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    Insurance | 3 min read

    5 Best Practices to Help Prevent Legal Employment Disputes

    As a business leader, it is important to safeguard your organization from employment lawsuits. In 2020 alone, the EEOC secured $439.2 million for victims of discrimination in the private sector and state and local government workplaces.

    Most employment lawsuits are filed against large corporations, but no company is immune. In this blog post, we’ll share some best practices your company can use to help prevent legal employment disputes.

    5 Best Practices to Help Prevent Legal Employment Disputes

    Your first line of defense against potential lawsuits is prevention. By implementing a few best practices for your company, managers, and employees, you can minimize risk and help avoid situations that can lead to claims of misconduct. Some examples of best practices include:

    1. Implementing an effective hiring and screening program to avoid claims of discrimination during the hiring process
    1. Posting visible and easily accessible corporate policies
    2. Implementing ongoing staff education on all employment policies and providing communication about any updates and changes to your policies as they occur
    3. Clearly outlining steps employees can take if they believe they have experienced discrimination, harassment, or retaliation
    4. Implementing a policy that gives clear direction on how to document incidents and record your follow-up action plan

    As the leader of your organization, it's important that you live by your policies and procedures so employees understand where the company stands on these issues and feels comfortable coming forward if they feel their workplace rights have been violated.

    Protect Your Business with Employment Practices Liability Insurance (EPLI)

    Employment Practices Liability Insurance (EPLI) coverage helps businesses cover the cost of damages and lawsuits resulting from lawsuits filed by employees against their employers, including allegations of wrongful termination, workplace discrimination, invasion of privacy, and harassment.

    EPLI can protect employers against claims of:

    • Discrimination (based on protected classifications including age, sex, race, religion, color, and/or national origin)
    • Sexual Harassment
    • Wrongful termination or discipline
    • Wrongful infliction of emotional distress or mental anguish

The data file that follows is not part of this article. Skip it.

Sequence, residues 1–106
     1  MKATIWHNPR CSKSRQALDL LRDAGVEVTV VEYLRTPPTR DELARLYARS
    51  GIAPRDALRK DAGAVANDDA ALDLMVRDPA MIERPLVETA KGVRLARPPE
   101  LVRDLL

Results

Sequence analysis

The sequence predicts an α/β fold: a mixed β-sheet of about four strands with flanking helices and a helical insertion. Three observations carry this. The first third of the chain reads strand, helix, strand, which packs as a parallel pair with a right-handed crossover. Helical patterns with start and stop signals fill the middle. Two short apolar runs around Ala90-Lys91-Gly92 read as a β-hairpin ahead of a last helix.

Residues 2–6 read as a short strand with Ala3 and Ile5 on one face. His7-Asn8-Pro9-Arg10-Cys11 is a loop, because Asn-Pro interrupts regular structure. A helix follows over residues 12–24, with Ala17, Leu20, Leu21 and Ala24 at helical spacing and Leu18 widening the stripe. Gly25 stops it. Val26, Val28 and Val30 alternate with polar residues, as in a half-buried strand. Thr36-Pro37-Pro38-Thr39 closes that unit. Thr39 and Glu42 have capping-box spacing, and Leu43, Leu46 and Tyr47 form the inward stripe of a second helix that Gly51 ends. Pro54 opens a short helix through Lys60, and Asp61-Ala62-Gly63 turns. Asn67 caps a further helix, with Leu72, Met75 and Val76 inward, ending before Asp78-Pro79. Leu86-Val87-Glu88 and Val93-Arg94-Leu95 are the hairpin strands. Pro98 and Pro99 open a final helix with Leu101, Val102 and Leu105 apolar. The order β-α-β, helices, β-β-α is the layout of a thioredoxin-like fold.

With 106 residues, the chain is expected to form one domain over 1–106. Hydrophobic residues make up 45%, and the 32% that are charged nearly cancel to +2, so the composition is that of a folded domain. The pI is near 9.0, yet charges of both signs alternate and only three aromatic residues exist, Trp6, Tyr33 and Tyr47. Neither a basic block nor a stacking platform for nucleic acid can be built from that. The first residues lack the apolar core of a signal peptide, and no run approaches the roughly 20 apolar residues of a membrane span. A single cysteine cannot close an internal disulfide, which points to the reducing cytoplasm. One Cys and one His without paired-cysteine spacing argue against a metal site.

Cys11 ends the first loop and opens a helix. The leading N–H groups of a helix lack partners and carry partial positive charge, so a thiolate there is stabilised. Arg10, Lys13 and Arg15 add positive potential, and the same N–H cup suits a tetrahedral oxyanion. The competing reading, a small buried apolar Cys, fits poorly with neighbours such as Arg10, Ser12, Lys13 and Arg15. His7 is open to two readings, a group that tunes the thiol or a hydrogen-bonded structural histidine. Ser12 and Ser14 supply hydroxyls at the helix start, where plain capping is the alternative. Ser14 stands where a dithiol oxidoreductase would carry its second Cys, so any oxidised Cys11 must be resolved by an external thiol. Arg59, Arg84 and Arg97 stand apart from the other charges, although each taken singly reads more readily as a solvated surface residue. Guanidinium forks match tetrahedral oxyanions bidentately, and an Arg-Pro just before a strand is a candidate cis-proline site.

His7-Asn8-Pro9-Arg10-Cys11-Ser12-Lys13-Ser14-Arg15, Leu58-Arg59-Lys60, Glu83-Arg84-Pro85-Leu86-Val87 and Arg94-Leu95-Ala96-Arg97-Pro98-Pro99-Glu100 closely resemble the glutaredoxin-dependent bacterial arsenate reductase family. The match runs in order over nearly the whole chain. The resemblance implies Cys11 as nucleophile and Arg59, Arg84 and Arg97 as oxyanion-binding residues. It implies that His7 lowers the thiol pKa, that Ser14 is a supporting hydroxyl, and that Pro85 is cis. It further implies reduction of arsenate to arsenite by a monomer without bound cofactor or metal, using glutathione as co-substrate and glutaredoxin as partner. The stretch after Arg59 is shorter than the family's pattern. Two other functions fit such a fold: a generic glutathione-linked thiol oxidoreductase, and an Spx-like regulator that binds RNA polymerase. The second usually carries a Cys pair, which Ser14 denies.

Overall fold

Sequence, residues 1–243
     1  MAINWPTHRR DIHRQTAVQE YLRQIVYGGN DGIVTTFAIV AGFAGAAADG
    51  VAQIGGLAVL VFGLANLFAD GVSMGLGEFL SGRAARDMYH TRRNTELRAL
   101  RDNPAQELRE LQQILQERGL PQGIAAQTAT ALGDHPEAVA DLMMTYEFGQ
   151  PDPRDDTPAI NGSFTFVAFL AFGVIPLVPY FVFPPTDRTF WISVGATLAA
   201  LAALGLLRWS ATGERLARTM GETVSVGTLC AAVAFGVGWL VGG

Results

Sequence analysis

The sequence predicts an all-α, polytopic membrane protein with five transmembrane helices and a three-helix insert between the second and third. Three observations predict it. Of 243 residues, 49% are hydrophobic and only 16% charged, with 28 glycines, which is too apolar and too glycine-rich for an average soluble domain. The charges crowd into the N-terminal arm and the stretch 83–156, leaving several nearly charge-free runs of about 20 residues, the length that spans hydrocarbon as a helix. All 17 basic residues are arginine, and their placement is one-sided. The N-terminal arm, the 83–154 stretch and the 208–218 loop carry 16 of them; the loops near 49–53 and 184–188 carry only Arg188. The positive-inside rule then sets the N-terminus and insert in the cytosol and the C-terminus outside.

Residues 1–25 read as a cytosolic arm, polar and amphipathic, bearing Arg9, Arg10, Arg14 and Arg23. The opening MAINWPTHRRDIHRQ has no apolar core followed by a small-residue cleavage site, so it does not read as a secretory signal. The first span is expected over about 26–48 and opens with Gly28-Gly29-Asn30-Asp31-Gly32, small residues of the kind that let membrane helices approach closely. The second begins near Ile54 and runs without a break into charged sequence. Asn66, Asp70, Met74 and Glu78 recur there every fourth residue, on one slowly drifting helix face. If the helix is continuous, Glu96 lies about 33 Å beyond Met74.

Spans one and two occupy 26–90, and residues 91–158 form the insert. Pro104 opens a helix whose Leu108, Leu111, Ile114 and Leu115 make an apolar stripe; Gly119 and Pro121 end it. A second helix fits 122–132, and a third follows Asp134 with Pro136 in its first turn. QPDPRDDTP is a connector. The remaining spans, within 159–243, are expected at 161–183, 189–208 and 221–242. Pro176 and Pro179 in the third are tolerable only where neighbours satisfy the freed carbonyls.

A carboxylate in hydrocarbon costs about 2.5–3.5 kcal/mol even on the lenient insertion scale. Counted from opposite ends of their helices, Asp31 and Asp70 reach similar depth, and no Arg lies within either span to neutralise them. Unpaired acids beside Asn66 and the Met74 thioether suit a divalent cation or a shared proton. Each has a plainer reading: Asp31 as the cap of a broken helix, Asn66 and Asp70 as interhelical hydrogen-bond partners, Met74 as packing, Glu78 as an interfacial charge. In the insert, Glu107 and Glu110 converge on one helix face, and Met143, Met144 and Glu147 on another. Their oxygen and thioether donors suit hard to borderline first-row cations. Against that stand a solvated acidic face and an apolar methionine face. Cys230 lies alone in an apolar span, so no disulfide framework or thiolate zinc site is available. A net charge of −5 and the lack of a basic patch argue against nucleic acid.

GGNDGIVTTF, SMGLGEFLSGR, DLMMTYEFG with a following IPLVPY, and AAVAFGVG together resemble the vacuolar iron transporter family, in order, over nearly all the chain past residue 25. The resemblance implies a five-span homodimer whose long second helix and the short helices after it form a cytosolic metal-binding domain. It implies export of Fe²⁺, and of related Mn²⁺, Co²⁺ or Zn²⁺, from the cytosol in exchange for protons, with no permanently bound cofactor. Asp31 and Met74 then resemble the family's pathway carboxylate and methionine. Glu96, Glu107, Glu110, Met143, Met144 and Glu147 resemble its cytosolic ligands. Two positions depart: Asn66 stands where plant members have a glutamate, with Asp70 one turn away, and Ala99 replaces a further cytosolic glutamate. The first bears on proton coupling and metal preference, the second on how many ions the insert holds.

• Invasion of privacy
    • Breach of employment contract
    • Negligent evaluation
    • Employee benefit plan mismanagement
    • Deprivation of career opportunity
    • Failure to employ or promote
    • Retaliation

    Whether large or small, EPLI is one way to protect your business from the potential monetary damages a lawsuit can bring.

    EPLI covers a business against claims by employees that feel their legal rights have been violated. The most common claims include sexual harassment, discrimination, wrongful termination, breach of contract, and failure to employ/promote.

    The cost of an EPLI policy varies based on the type of business you have, the number of employees you have, and various other risk factors. A policy may reimburse the costs of defending a lawsuit in court and for judgments and settlements rendered against your business.

    Keep in mind, this type of policy will not pay for punitive damages or civil or criminal fines, nor will it cover workers' compensation claims.

    Conclusion

    A recent report by Good Jobs found that the overwhelming majority of large corporations—including 99% of the entire Fortune 500—have made payments to plaintiffs in at least one employment discrimination or harassment lawsuit since the beginning of 2000.

    Avoiding employment disputes begins with following proper employment practices. This means, in addition to adequately adhering to all employment laws, clear documentation and dedicated processes are your best friend. A strong statement of no tolerance by senior management from the top down is also key.

    An EPLI policy can protect your business from potentially astronomical damages that could impact your bottom line, as well as your reputation. Begin conversations internally and talk to your insurance provider about commercial insurance coverage solutions that can give you peace of mind in today’s uncertain environment.

    This material is provided for information only. It is not intended as legal or tax advice. You should consult your legal counsel for advice specific to your business situation.

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    Brett Morgan

    Brett Morgan specializes in alternative risk transfer programs, professional liability, Directors & Officers liability, and employment issues centered on protecting clients’ assets. He has an extensive background in understanding property exposures and a customer’s business processes. Brett has taught various seminars on business interruption, protecting your company while conducting business in foreign countries, and protecting your client’s internal controls from theft.

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